WASHINGTON - After hearing federal lawmakers yesterday address the dismemberment of children and adults in her small West African nation, Memunatu Mansaray, 4, extended her arm - a stump, hacked above the elbow in civil war strife - to a Baltimore schoolgirl of 9, Richelle Ford, who beamed and scooped her up in a flash.
Memunatu was one of six children and two adults who arrived last week from an African amputee camp to tell their stories to Congress and to receive medical treatment in the United States.
The room was crowded with people attending a House International Relations Africa subcommittee hearing on the wounds inflicted by rebels in Sierra Leone's 10-year civil war, in which an estimated 75,000 civilians have been killed and 20,000 have undergone forced amputations. Committee members said they wanted to gain a deeper understanding of conditions in the country.
Listening solemnly was a goodwill delegation of five pupils, one teacher and LaUanah King-Cassell, the principal of SS. James and John Catholic Elementary School in East Baltimore.
King-Cassell said the school had scraped together $700 to contribute to bringing the eight Africans to America for treatment and fitting of artificial limbs in New York.
"The world is much larger than East Baltimore," she said. "With their little pennies, they made a difference in the lives of kids across the planet. If that's not a miracle, then I don't know what is."
The principal said most of her children are eligible for free or reduced school lunches.
By saving pennies from their allowance during Lent, she said, the 323 pupils at the inner-city school gave to the Friends of Sierra Leone, a group of former Peace Corps volunteers who organized and raised funds for the visit. The previous year, the school's penny campaign for Sierra Leone yielded $400.
The five Baltimore pupils chosen to go to Washington yesterday, three girls and two boys ages 8 to 11, awoke while it was dark in anticipation of acting as ambassadors for their school.
"The older children could handle it [seeing the maimed children], but the whole school participated," said King-Cassell.
At first, the Baltimore schoolchildren (among them Kirby Gaddy, 9, and Wilbert McDonald, 11) had trouble following the dialogue between Rep. Ed Royce, a California Republican and chairman of the subcommittee, and the main spokesman for the Sierra Leone contingent, Muctar Jalloh, 27, a former student who declared his forgiveness of the man who maimed his ear and took his lower right arm but said he would never forget when it happened: 4:50 p.m. April 19, 1998.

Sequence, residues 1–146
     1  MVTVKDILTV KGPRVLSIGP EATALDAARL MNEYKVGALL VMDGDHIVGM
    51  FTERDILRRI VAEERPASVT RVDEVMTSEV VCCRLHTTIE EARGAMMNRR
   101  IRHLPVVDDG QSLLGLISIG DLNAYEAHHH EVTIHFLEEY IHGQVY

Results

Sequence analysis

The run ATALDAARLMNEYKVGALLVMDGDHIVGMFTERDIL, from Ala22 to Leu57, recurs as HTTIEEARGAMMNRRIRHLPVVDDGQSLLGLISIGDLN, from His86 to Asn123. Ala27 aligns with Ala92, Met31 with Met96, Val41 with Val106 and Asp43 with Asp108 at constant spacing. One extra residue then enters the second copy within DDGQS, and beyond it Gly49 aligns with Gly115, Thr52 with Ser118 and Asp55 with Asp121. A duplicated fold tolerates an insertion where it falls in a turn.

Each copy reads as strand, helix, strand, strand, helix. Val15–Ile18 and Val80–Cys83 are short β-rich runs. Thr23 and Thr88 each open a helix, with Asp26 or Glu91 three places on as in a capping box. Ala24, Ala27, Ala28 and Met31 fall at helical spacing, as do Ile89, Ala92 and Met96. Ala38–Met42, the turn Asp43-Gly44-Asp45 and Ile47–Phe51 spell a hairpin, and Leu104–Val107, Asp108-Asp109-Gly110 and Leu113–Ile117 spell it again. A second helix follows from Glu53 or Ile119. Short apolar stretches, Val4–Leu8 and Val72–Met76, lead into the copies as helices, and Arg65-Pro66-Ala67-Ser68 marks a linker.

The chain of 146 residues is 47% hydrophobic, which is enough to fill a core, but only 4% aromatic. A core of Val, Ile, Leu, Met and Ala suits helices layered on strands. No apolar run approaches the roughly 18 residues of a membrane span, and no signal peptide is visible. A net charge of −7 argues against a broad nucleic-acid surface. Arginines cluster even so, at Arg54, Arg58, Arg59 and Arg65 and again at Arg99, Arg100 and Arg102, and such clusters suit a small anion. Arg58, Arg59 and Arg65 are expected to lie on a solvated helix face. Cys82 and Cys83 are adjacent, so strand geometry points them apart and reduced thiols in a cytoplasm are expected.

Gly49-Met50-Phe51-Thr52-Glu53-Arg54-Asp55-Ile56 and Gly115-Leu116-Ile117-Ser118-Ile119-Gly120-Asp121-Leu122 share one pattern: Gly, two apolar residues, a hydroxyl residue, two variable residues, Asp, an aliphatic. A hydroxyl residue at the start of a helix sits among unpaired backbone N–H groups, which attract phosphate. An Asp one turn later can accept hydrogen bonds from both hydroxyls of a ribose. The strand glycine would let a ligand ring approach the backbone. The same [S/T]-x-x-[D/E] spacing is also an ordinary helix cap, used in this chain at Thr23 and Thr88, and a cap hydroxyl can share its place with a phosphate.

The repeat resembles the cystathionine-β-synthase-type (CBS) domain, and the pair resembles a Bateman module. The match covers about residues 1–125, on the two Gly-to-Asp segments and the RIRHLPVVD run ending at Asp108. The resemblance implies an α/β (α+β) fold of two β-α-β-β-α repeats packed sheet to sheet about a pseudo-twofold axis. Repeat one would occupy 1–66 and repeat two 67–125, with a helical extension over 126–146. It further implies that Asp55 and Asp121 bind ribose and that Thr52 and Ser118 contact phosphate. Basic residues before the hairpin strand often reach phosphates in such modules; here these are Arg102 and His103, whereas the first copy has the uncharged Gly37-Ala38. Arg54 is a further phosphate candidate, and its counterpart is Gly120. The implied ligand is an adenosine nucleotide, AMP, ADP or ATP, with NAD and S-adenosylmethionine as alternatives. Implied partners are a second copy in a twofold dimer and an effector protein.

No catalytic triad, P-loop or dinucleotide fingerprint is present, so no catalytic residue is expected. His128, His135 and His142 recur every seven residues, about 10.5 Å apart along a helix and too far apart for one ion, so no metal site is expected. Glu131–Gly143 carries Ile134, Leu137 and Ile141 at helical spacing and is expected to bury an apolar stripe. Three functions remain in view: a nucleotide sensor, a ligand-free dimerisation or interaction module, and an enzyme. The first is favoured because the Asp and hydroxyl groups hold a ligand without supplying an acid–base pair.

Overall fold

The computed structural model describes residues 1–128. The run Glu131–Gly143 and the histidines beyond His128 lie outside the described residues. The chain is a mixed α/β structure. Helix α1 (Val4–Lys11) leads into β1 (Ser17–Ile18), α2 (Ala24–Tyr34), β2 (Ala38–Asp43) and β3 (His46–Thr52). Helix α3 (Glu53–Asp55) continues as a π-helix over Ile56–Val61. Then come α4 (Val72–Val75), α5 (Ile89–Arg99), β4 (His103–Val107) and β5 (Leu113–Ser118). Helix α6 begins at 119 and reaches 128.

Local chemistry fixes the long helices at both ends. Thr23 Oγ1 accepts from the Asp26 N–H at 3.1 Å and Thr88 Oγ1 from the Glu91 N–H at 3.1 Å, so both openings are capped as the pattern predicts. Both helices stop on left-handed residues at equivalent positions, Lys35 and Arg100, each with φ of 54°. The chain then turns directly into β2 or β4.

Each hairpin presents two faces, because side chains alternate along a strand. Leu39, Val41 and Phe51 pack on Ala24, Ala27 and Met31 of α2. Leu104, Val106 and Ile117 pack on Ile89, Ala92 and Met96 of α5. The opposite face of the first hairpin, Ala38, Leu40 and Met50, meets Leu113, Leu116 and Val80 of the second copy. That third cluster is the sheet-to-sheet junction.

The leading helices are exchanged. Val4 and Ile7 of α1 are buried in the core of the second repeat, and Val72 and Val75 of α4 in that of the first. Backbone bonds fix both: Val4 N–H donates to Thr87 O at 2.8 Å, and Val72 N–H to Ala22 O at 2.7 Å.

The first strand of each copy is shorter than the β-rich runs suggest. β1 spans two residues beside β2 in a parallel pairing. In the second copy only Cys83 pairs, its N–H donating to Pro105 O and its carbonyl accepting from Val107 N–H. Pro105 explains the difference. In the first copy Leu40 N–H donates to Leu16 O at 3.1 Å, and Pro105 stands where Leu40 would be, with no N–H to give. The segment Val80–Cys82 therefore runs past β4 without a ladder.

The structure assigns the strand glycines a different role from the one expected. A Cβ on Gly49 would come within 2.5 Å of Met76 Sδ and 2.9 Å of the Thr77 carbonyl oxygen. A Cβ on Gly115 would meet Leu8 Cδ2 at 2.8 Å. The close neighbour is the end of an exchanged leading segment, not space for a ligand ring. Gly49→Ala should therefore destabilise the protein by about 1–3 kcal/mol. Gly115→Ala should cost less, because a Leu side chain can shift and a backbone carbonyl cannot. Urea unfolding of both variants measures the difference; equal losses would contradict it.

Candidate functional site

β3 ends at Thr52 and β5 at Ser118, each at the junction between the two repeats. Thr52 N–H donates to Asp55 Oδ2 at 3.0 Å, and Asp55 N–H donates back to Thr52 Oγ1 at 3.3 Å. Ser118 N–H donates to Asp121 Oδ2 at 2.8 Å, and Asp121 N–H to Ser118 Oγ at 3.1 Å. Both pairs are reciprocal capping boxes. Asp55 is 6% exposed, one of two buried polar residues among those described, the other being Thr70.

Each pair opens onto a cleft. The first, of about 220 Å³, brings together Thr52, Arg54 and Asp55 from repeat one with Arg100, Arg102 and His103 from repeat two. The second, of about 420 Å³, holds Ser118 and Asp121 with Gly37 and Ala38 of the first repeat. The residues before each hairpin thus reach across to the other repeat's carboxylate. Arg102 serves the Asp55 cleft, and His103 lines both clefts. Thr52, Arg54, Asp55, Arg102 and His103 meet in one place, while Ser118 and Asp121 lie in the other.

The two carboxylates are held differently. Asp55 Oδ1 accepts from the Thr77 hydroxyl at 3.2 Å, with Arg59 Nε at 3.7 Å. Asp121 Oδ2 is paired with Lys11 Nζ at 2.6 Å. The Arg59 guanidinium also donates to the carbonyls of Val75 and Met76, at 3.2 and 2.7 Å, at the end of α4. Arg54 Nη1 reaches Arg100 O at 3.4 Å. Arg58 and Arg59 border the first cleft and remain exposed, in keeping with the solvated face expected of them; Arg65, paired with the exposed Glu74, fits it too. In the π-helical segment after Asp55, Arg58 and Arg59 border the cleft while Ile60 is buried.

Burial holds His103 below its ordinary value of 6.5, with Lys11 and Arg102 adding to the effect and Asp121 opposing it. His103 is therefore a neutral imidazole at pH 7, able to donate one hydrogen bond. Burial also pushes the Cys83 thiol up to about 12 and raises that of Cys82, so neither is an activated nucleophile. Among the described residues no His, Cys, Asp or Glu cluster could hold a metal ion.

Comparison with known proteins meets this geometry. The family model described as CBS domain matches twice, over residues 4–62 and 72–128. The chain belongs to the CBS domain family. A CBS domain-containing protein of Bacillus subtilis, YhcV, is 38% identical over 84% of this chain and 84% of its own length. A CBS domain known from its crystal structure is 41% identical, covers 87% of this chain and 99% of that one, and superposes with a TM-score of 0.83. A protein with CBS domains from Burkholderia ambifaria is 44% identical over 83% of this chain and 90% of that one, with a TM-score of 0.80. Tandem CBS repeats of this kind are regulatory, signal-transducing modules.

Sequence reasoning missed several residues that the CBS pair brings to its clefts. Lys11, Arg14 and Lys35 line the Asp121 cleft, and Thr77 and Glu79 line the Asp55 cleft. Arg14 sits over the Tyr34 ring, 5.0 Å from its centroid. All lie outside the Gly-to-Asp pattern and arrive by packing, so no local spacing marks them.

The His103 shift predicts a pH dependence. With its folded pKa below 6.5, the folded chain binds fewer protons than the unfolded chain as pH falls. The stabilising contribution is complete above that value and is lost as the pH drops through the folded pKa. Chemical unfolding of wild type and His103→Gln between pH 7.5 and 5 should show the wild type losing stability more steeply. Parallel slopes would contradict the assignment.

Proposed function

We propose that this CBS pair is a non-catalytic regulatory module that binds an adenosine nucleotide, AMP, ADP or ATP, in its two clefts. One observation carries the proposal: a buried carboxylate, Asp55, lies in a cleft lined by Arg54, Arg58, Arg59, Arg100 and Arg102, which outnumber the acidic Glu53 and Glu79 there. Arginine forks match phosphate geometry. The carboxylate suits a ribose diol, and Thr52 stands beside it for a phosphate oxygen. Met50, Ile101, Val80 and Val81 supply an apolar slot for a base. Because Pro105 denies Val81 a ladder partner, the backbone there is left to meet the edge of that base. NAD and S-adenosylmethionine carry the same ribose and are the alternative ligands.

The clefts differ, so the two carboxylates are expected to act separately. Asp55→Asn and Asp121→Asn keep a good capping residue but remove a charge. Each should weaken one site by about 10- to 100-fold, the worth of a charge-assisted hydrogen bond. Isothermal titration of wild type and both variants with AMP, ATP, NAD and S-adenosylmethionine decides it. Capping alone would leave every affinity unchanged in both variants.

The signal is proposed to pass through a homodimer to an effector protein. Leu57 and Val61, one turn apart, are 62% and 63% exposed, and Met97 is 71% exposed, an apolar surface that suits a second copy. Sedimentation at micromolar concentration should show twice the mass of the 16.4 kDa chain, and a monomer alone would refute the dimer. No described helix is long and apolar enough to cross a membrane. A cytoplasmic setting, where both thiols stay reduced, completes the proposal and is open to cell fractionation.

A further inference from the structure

Speaking of his seven companions, even the youngest, he said, "They remember. Who could not?"
The meaning of some words was unclear - or, as Megan Sherman, 9, said, "I couldn't spell a thing they were saying."
Gradually, some began to understand the cause of the civil war they had been studying in school: control of the country's diamond mines. Not that it made any more sense, though.
"They're just little kids," said Brandon Thomas, 8, who found 200 pennies in a Pringles can and gave most of them to the cause. "I feel like I'm the same person."
Another concept the children grasped is that the eight Africans represented thousands of victims of terror directed at civilians - in schools, hospitals, churches.
One subcommittee member, Rep. John Cooksey, a Louisiana Republican, had visited in July and referred yesterday to Sierra Leoneans as "kind, gentle people."
In an interview, he said, "Those children may have done more for Sierra Leone than Bill Clinton and the U.S. Congress!"
Fatu Koroma, 10, drew a gasp when she told the subcommittee matter-of-factly that she was an orphan -"no mama or papa" - and had lost her right arm above the wrist.
After the hearing, the Baltimore youngsters went to greet and present each African with a handmade card.
In a heart-rending situation, they brought some light and won praise. "They rocked! The cards they made and the way they came and talked afterwards," said Courtney Alexander, a subcommittee staff member.
"They set an example for the rest of America to step up and stop the mayhem," said Royce.
Megan, a fourth-grader, , said she would take home a simple conviction: "They cannot do that to a whole country."
Don Mooers, a lawyer who orchestrated yesterday's day event for the Friends of Sierra Leone, said the children enhanced the average level of awareness.
"The only way foreign affairs becomes relevant is when there is a hometown element," Mooers said.
Jalloh, leader of the Sierra Leone group, said the Baltimore children boosted morale.
Their presence and contribution, he said, made "things much more happy."